Code the City
Aberdeen’s economy has benefited from the North Sea oil industry for decades. Now some of the technological expertise behind city’s energy businesses is being put to work to develop new apps and tools to help its citizens.
CodeTheCity founder Steven Milne had been running training hackathons for some years, but began to feel like his efforts could be being put to better use.
“We were leaving the weekends feeling like we had nothing to show for it,” he explains.
“There’s not much of a start-up community here, but there are a lot of coders in the oil and gas industry.
“I felt that people were willing to put some time into something civic-minded.”
'We packed the place out'
After talking to a few people about his idea, he refocused his work into civic hacking. “We gave ourselves six weeks, found sponsors to pay for lunch, found space at the university – and we packed the place out.”
Milne says about 70 people spent some time at the first CodeTheCity in June 2014 – a third were from Aberdeen City Council, half were coders, and the remainder were “designers, bloggers, people with ‘creative’ in their job title”.
“The enthusiasm was up a level on before. We tried hard to make sure it wasn’t just white male coders in their 20s and 30s,” he adds.
Eight projects came out of that first Code the City event, including a tool to aggregate freedom of information requests, and Match the City, which started out as a “dating model for people who want to do active things – scraping civic data on sport and swimming”.
This idea was developed further the following October, with a second event aimed at developing something that can track down free lanes for swimming or walking groups for older people.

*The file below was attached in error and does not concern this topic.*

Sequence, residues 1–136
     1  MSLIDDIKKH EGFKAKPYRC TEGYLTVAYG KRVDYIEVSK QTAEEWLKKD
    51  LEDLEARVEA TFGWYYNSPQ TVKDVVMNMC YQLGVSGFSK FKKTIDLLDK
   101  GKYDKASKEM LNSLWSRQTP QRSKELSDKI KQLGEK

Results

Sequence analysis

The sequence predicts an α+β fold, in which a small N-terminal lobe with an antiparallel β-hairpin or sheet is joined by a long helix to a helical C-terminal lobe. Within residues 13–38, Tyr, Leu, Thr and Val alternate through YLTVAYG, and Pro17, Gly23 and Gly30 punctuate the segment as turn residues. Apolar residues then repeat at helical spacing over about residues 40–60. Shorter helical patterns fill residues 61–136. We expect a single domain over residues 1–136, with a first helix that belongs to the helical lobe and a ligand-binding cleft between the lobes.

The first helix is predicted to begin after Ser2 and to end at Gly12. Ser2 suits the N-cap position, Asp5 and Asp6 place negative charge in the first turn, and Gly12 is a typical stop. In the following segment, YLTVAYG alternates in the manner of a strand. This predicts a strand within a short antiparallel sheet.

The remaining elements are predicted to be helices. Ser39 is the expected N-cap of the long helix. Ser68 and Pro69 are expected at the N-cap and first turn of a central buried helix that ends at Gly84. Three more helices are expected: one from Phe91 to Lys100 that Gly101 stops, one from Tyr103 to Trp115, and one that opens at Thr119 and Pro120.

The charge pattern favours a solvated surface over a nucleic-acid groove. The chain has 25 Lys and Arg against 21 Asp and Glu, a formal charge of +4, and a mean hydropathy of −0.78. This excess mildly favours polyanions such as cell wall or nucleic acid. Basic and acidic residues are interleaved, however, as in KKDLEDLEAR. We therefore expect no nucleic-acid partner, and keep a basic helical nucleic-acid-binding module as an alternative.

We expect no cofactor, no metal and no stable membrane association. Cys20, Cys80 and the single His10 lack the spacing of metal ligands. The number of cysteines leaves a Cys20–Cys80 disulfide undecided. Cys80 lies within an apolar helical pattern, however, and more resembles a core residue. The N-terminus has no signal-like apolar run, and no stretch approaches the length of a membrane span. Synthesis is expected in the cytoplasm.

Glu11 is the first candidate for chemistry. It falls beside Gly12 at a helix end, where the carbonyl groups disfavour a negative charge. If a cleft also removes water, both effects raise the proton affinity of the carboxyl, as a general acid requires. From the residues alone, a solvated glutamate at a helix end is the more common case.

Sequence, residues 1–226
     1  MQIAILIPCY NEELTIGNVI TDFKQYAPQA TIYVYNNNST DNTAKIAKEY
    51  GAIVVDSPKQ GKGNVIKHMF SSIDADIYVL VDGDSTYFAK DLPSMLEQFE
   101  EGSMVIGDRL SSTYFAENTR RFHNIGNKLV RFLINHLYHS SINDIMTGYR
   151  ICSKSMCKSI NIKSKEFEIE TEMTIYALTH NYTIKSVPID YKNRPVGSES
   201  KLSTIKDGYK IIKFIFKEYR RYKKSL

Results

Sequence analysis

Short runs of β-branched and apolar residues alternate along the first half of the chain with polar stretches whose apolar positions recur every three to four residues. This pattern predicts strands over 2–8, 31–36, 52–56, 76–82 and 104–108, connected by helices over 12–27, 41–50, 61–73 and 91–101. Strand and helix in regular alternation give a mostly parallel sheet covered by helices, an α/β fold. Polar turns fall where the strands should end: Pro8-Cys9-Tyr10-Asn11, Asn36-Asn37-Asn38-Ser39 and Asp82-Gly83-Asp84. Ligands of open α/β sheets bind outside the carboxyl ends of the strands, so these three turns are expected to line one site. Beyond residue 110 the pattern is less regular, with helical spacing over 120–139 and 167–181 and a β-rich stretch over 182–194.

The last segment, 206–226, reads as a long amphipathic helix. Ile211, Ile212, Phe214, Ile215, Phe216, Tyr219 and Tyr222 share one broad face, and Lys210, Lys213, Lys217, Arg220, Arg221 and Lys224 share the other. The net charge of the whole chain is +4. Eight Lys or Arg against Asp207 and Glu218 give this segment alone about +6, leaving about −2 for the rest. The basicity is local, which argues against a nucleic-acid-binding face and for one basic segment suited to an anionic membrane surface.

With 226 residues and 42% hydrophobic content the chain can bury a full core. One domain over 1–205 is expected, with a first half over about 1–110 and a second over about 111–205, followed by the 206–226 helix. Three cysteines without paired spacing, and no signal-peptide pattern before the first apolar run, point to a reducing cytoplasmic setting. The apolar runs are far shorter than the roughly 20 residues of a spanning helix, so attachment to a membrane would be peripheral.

Milne – who works on CodeTheCity “on the side” from his day job in a marketing agency - is pleased with Aberdeen City Council’s keenness to release open data, and is grateful to the University of Aberdeen for hosting it. But he says the event is “resoundingly independent”.
“People don’t want to feel they’re working for the council for free,” he says.
Avoiding terms like 'hacking'
While he praises the Scottish capital’s EdinburghApps contest, Milne wants CodeTheCity to be “a wee bit different” and steers away from having prizes.
“We’re not trying to be competitive – deliberately avoiding terms like ‘hacking’ or ‘hackathon’,” he explains. “We’re trying to focus on collaborative design. So if you’re a start-up, be ready to donate your time and effort.”
CodeTheCity now has a manifesto which can be found on its site. His tip for anyone wanting to organise their own event?
“Reach out to local authorities – try to find a friendly face, voluntary sector organisations can help you do that,” he says.
“Universities or colleges can give you a free room as hotels and conference centres can get expensive very quickly. Then get on Twitter and Facebook.”